Ameya Healthcare in association with Rashtrotthana Blood Bank, conducted Blood Donation camp on 21/06/2018 at Ameya Healthcare. MANY THANKS to all the people who made time to come and donate blood. You have helped us in saving many lives🙏🙏🙏
Today’s Inspirational Quote:
“It is easy in the world to live after the world’s opinion; it is easy in solitude to live after our own; but the great man is he who in the midst of the crowd keeps with perfect sweetness the independence of solitude.”
— Ralph Waldo Emerson
Surprise your siblings with their favourite sweets/chocolate
Help a younger student with their work
Answer the phone in a cheerful voice – even if it is a sales person
Pay for someone’s bus ticket
Help somebody with a chore they need done!
Money Doesn’t Grow On TreesMeaning: Suggests that money is a resource that must be earned and is not one that’s easily acquired.
This I know!
I did that. Ferociously, Vehemently. Getting Rid of a Bad BAd Habit.
Yes. I need to begin painting again.
May be, NOT. But will avoid words like Should, Maybe, perhaps, always, never, or begin sentences with a No, But or however.
Yes. I find Occam’s Razor working the best for me. However, I feel we still allow negative thoughts and negative and generally don’t change our network filled with such people fast enough.
Emotional Investments are subject of market Risks – said very fast like the Mutual funds or insurance disclaimer Ads 🙂
Google to train 8000 journalists to curb fake news
The Network will select 200 journalists from cities across India, who will hone their skills in verification and training during 5-day train-the-trainer boot camps.
Technology giant Google is planning to train around 8000 journalists in India. The company in a statement said, “This training network aims to support journalists from across India in their fight against misinformation, providing in-depth and hands-on verification training to 8000 journalists across English and six other Indian languages over the next one year. The training will equip them with best-in-class skills required to debunk fake news.”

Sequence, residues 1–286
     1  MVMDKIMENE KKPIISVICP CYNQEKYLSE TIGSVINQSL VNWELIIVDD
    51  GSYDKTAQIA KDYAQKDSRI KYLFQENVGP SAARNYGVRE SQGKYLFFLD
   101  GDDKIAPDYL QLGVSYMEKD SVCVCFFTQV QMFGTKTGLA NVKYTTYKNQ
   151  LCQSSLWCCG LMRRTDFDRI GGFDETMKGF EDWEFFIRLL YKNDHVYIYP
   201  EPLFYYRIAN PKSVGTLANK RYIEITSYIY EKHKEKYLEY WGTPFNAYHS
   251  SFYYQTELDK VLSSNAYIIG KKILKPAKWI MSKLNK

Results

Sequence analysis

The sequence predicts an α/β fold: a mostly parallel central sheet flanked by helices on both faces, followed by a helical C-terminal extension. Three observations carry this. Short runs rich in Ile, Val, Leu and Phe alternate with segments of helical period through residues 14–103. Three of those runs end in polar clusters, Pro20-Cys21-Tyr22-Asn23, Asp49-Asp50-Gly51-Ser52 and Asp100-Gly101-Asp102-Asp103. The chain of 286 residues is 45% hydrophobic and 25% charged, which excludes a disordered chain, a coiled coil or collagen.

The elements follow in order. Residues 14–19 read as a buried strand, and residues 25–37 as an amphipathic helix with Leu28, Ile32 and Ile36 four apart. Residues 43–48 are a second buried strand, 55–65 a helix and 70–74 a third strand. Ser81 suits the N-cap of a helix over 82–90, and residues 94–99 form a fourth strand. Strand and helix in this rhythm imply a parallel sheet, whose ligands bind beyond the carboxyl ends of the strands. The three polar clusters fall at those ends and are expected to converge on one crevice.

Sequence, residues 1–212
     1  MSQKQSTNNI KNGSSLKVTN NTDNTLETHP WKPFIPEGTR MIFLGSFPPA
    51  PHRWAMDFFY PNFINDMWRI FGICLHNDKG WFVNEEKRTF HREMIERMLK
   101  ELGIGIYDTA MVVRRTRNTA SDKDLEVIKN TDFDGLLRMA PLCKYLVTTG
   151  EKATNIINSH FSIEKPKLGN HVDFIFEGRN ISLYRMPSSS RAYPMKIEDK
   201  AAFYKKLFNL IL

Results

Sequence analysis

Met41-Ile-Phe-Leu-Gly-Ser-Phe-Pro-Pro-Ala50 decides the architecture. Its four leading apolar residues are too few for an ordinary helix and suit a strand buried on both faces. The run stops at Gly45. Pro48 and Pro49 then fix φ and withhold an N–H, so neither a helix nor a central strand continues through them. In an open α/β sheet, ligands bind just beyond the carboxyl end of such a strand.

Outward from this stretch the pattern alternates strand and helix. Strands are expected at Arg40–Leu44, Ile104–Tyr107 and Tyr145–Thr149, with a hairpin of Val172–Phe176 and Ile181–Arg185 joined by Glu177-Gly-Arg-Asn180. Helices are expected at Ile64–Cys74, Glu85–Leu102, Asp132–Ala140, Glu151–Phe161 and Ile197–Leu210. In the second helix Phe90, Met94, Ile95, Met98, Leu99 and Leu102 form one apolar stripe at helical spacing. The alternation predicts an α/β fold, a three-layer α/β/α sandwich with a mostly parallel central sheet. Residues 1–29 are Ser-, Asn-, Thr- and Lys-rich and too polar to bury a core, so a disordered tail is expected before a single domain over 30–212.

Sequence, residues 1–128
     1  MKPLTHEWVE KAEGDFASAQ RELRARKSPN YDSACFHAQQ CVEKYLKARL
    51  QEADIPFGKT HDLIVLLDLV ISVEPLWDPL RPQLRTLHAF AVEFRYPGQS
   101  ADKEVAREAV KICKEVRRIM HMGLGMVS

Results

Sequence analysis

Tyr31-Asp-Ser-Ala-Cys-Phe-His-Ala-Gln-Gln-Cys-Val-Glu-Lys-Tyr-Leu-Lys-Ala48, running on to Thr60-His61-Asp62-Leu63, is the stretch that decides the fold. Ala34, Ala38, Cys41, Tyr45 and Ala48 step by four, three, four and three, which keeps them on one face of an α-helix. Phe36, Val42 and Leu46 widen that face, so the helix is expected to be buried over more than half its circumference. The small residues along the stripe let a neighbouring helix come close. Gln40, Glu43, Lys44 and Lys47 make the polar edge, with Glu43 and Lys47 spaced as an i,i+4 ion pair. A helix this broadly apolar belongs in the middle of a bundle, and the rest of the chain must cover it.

The Network will select 200 journalists from cities across India, who will hone their skills in verification and training during 5-day train-the-trainer boot camps. They will be trained in-person by global verification experts and top Indian fact-checkers, including First Draft, Storyful, AltNews, BoomLive, Factchecker.in and DataLeads.
The network of certified trainers will train more journalists in and around their region at 2-day, 1-day and half-day workshops organised by the Network. Training workshops will be conducted in English, Hindi, Tamil, Telugu, Bengali, Marathi and Kannada in cities across India.
“When journalists and communities work together, armed with the online tools to verify information, they can build a bulwark of trusted media to fight the tide of misinformation,’ said, Irene Jay Liu, News Lab Lead, APAC
Gender parity to boost India’s GDP by $770 billion
A study by McKinsey Global Institute suggest that India can improve its GDP by 18% by addressing the gender inequality.
Earlier this year, International Monetary Fund’s Chief, Christine Lagarde and Norway’s Prime Minister Erna Solberg, in a joint paper, stated, “Raising women’s participation in the labor force to the same level as men can boost India’s GDP by 27 percent.” Now, according to a recent study conducted by McKinsey Global Institute (MGI) found that India could add $770 billion to its GDP annually in 2025, or 18% above business-as-usual GDP by realizing gender parity.
The Power of Parity: Advancing Women’s Equality in Asia Pacific, a research done by MGI, studied the economic cost of gender inequality and related issues. The study highlighted that advancing gender equality in the Asia-Pacific could add $4.5 trillion (a 12% increase in the business trajectory) to the region’s collective GDP by 2025. In absolute terms, at $2.6 trillion (a 13% increase) China would benefit the most. But in relative terms, India would get the most significant boost by addressing gender inequality that would add $770 billion (an 18% increase) to GDP.
Currently, Indian women contribute 18% to the GDP. In contrast, in China, women commit 41% to the GDP and constitute 44% of the workforce, and in Singapore, these figures are 39% and 45%, respectively.
In the Asia-Pacific region, women contribute 36% to GDP and make up 37% of the workforce, which is similar to the global figures of 36% and 39%. On gender equality at work, the six countries remotest from gender parity are Bangladesh, India, Japan, Nepal, Pakistan and South Korea. However, the entire region is facing the issue of the low participation of women in leadership positions. The only country that has achieved a female-to-male ratio of close to 1.00 on leadership indicator was the Philippines.
Across the Asia Pacific region, the report estimates that 58% of the opportunity ($4.5 trillion) would come from boosting the female labor force participation ratio, 17% from raising the number of hours women work and the remaining 25% from more women working in higher productivity sectors.